• Thananya Nangsue Faculty of Public Health, Thammasat University
  • Kampol Nanthapong
  • Bussarakam Thitanuwat Faculty of Public Health, Thammasat University


Solid waste composition, Municipal Solid Waste, Solid Waste Management


Lack of Municipal Solid Waste (MSW) sorting coupled with non-sanitary disposal causes not only effects on the environment and human health but also a current management problem for local authorities. Sustainable and proper management of the problem according to types of the MSW is important. This research aimed to evaluate sources, generation rate, and types of the MSW and to study current situation of MSW management in Poochaosamingprai Municipality during September 2020 to April 2021. The results indicated that approximately 99% of collected MSW from this area was disposed by Controlled Open Dump. The source identification revealed that this MSW was generated from communities (76.49%), fresh-food markets (1.70%), schools (0.79%), temples (1.77%), industrial sector (16.04%) and non-industrial establishments (3.21%). If MSW separation at source was implemented properly, the estimated generation rate would be 1.48±0.08 kg per capita per day. Moreover, the highest proportion of the MSW from all sources was organic waste (51.44±0.85%), followed by general waste (39.75±3.95%), recycle waste (8.69±3.09%) and hazardous waste (0.12±0.20%), respectively. In the future, therefore, studies should focus on alternative waste management technologies for each type of MSW, for example composting or biogas production for organic waste and Refuse-derived fuel (RDF) for general waste, which can contribute to the proper and sustainable management of MSW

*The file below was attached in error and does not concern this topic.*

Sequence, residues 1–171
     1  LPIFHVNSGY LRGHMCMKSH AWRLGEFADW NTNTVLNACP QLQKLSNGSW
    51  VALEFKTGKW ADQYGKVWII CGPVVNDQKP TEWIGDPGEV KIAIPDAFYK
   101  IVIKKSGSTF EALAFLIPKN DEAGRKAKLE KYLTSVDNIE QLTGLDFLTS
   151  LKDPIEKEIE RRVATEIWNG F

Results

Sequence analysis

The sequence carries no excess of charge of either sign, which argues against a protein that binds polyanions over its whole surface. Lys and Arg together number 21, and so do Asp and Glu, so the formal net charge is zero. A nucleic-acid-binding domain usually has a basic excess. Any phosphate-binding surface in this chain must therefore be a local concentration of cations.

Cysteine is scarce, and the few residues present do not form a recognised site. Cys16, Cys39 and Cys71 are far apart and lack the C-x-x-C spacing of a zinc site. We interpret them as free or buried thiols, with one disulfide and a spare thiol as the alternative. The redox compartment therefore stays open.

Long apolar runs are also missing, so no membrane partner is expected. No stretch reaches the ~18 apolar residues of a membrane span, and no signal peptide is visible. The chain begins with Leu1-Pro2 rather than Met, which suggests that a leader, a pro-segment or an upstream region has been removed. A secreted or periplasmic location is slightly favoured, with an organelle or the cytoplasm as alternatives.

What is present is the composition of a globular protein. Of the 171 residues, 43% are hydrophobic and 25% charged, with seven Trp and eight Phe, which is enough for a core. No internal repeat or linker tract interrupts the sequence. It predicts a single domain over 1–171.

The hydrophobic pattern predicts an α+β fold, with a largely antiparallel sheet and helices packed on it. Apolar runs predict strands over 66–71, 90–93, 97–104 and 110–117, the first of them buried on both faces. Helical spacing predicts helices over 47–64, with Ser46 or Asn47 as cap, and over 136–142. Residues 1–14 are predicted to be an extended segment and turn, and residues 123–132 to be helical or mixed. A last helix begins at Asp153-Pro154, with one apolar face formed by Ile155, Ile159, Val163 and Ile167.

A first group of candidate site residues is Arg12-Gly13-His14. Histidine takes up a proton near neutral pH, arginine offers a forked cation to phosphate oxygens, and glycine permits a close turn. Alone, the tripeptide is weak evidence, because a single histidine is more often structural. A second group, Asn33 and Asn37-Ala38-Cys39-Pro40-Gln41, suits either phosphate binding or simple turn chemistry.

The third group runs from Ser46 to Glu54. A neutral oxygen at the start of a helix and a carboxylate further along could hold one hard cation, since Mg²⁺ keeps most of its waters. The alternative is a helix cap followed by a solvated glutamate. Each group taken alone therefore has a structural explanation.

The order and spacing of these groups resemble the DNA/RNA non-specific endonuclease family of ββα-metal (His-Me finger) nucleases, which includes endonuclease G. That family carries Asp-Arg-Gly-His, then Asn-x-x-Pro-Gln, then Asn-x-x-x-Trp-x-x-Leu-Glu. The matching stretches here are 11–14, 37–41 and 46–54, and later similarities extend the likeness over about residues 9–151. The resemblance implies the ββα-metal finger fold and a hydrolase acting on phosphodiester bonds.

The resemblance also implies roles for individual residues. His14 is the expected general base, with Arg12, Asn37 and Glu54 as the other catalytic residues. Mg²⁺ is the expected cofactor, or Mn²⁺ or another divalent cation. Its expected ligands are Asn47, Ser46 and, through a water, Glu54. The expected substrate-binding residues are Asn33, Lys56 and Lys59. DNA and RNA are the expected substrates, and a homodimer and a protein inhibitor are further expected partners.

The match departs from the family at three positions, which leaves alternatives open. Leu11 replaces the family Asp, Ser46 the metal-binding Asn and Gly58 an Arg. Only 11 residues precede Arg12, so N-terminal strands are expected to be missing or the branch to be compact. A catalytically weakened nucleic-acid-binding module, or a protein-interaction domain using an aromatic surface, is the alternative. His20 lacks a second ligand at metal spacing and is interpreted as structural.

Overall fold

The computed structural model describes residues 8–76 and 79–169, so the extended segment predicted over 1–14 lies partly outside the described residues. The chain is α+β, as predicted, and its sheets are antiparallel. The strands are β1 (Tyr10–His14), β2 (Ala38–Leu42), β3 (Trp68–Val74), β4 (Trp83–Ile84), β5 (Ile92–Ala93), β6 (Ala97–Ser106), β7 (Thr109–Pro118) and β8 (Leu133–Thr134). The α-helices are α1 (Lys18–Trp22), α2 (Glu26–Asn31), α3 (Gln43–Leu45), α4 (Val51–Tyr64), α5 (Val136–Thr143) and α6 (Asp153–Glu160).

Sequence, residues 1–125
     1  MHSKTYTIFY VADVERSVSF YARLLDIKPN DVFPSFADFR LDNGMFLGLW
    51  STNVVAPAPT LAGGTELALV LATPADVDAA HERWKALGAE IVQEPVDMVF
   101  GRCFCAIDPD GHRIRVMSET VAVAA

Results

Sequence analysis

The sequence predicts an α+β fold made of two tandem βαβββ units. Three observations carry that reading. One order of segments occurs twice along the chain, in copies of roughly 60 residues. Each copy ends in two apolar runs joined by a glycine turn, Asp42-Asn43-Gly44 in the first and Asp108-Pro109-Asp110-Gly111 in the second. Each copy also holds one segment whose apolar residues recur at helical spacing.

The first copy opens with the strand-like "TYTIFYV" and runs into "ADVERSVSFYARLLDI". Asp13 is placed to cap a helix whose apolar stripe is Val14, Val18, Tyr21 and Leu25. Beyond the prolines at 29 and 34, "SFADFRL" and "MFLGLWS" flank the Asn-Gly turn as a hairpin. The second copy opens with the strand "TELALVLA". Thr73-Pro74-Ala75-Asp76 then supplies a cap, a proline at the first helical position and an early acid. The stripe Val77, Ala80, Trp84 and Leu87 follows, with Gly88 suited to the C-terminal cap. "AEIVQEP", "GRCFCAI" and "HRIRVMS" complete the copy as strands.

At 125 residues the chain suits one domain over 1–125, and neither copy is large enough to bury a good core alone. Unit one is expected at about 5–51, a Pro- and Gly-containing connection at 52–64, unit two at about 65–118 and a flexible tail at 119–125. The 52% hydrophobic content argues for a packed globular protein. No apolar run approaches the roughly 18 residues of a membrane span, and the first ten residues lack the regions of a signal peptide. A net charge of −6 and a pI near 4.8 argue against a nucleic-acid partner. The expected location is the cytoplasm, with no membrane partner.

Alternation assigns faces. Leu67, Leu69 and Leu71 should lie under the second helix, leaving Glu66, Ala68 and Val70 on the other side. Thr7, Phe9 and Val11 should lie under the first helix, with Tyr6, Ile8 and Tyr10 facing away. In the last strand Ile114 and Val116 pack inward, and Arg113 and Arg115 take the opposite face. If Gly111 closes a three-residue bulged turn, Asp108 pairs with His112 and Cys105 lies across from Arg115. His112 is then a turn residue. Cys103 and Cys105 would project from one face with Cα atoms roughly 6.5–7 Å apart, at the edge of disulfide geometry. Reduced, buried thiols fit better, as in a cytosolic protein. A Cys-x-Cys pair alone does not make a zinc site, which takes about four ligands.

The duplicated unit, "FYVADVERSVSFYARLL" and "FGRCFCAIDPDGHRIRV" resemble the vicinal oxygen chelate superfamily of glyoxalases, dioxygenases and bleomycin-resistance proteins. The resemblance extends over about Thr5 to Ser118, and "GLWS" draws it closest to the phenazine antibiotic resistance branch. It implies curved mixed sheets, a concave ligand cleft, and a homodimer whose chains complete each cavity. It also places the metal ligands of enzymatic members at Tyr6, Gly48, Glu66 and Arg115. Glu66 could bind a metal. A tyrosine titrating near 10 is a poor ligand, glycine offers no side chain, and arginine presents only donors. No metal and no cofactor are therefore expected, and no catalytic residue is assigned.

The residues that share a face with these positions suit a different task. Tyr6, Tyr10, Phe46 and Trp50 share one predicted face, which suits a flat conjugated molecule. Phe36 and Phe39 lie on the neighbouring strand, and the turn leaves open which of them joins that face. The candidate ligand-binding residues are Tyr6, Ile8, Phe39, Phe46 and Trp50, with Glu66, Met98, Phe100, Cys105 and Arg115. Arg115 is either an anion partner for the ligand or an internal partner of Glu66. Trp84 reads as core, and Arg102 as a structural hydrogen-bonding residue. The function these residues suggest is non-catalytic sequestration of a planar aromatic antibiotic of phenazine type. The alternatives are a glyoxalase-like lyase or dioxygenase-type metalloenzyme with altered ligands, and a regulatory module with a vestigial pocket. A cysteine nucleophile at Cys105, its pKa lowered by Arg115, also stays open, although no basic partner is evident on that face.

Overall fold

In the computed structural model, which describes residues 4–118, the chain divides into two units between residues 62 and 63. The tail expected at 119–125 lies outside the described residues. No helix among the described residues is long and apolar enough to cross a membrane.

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บทความวิจัย (Research Article)